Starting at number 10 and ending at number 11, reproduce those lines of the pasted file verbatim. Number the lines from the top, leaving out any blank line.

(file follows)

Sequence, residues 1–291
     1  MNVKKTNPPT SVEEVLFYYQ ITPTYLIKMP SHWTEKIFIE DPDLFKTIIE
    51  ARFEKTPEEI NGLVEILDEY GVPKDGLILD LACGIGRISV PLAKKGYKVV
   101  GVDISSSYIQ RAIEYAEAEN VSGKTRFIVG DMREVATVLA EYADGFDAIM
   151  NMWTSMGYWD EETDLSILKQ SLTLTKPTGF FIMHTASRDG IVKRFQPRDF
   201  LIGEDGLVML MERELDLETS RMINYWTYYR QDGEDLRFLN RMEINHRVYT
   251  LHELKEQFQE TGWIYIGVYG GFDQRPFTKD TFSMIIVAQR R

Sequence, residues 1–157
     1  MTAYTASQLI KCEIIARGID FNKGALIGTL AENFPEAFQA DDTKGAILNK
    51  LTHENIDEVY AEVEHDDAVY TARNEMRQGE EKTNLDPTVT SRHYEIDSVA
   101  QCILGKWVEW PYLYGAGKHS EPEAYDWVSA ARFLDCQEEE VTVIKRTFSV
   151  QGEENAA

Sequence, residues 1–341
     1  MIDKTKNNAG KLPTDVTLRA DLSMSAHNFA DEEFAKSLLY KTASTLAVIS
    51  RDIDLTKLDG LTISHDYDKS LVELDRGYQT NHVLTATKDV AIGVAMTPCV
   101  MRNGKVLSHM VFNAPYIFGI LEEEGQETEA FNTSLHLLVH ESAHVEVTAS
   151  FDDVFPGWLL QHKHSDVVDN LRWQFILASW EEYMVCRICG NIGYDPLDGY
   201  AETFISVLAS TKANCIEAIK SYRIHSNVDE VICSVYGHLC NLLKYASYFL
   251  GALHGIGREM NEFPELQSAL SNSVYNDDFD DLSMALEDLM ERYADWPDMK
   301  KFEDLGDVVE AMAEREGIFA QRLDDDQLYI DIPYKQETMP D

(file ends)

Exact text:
    51  LTHENIDEVY AEVEHDDAVY TARNEMRQGE EKTNLDPTVT SRHYEIDSVA
   101  QCILGKWVEW PYLYGAGKHS EPEAYDWVSA ARFLDCQEEE VTVIKRTFSV